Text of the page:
Standing nearly upright, weight slightly shifted to the left side of his body, Charlie Morris takes a glimpse at the flagstick, 100 yards away. He grasps his six-iron firmly, with just one hand – his left. His right arm, and entire right side, have been paralyzed since he was shot in the head, during an encounter with a sniper, as his Navy helicopter whirred over the Mekong Delta, in Vietnam, more than 45 years ago.
Charlie, a 72-year-old grandfather and retired high school teacher, takes one last peek at the target, and slowly begins his one-armed backswing – at its apex, he quickly powers the club in the opposite direction, striking the golf ball with a satisfying “thwack.”
Another perfect shot, headed straight and true to the middle of the green at Cleveland Clinic's Challenge Golf course in Akron, Ohio.
Charlie served as a Navy crew chief and door gunner, during the Vietnam War. (Courtesy: Charlie Morris)
“The thing about this place is that it gives people who can’t do a lot of physical things something fun to do,” says Charlie, who has been golfing at the facility since 2001. “I always tell everybody, if you want to play golf Ron will figure a way, no matter what your disability may be.”
Ron Tristano, a Professional Golf Association (PGA) professional and manager of Challenge Golf, began volunteering soon after the program was founded in 1989 by Edwin Shaw recreational therapists. Started inside a gymnasium, where participants used plastic golf balls and clubs, the program provided therapeutic benefits to persons recovering from strokes, spinal cord and brain injuries, amputations, neuromuscular disorders and other conditions.
Challenge Golf as been an oasis for Charlie and other golfers who want to continue staying active, despite their disabilities. (Courtesy: Cleveland Clinic)
Over the years, the people the therapy benefits has grown substantially to include individuals with visual impairments, developmental challenges and those recovering from hip or knee replacements.
“This place just clicked for me,” says Ron, 63, a member of the Northern Ohio PGA Hall of Fame. “Not only do I work as a golf instructor, which I’ve always loved. But I get to make a difference in people’s lives. I couldn’t get this satisfaction doing anything else.”
Charlie (left) and manager of Challenge Golf, Ron Tristano (right), have developed a special bond during the past 16 years since Charlie has been going to Challenge Golf. (Courtesy: Cleveland Clinic)
Ron joined Challenge Golf full-time in 1991. He oversaw the development of its pristine, three-green golf course, the first in the nation designed specifically for persons with disabilities. With wheelchair-accessible cart paths, handrails and gentle slopes to ensure safe access, the course is a welcoming oasis for golfers who may struggle to navigate a conventional course.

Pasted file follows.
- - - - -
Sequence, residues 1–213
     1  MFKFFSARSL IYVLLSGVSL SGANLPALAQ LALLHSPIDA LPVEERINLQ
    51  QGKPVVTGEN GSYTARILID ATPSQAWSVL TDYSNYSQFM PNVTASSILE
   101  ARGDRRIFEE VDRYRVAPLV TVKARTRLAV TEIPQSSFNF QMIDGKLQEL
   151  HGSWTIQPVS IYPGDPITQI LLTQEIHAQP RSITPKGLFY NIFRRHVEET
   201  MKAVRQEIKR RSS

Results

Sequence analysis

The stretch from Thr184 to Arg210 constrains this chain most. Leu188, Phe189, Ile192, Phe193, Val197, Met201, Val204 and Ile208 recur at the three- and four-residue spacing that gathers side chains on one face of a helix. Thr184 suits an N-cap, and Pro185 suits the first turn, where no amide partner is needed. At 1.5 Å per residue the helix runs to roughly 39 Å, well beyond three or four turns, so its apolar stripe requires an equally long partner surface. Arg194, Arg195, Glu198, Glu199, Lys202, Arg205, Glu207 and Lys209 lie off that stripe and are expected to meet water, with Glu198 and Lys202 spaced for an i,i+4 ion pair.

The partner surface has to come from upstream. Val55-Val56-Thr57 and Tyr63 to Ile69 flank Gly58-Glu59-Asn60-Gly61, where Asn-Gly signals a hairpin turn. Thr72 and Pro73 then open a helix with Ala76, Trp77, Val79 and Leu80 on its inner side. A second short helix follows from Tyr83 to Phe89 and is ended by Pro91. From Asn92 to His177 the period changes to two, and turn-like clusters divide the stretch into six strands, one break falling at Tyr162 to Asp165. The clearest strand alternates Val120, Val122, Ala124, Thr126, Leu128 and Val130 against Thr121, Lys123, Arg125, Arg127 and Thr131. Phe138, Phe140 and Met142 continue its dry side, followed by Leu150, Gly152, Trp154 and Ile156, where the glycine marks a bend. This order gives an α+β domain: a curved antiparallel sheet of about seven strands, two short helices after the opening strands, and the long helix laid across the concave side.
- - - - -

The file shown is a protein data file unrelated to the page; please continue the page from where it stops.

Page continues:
It has three sets of tees and three flags on each green, and thus can be played as a nine-hole, par 3 three-hole course – with distances ranging from 60 to 150 yards.
The players, many referred from rehab facilities, are often former golfers looking to return to the game they love. Others are new to golf but eager to find a physical outlet.
Charlie with his grandson, Logan, granddaughter, Charley, and wife of 53 years, Fran. (Courtesy: Charlie Morris)
Ron, who assesses each new golfer and then designs a lesson plan that suits his or her needs and requirements, believes enjoying a sport outdoors is a big draw for Challenge golfers: “Many people who have had something significant happen to them spent a long time in the hospital. Now, they come here and get some fresh air and do something physical again.”
Annually, the course hosts more than 1,500 rounds of golf. Its driving range and putting green is also a popular gathering spot for golfers with disabilities, as well as their friends, family members and people in the community.
Charlie, an avid golfer and author of an autobiography, “Just a Regular Guy,” about his Vietnam experience and his life afterwards, enjoys the exercise – but also the camaraderie.
Charlie and his grandson, Logan, driving balls at Challenge Golf, in Akron, Ohio. (Courtesy: Cleveland Clinic)
“When you come here, you’re going to smile and laugh and it's a wonderful feeling,” explains Charlie. “We talk and encourage each other, people struggling to overcome something, just like you.”
Charlie participates in a twice-monthly league at Challenge Golf, and also likes to play with his son, Matt, and 10-year-old grandson, Logan. “It’s not just about golf. It’s about family and having a sense of purpose. My 6-year-old granddaughter even says she wants to play!”
“They have fun, but it can get competitive, too,” notes Ron. “It doesn’t matter if you’re playing from a seated position, with one hand, leaning on a cart, using a crutch in one arm – they all want to do their best. And when they do better here, it can give them the confidence to return to a more active life.”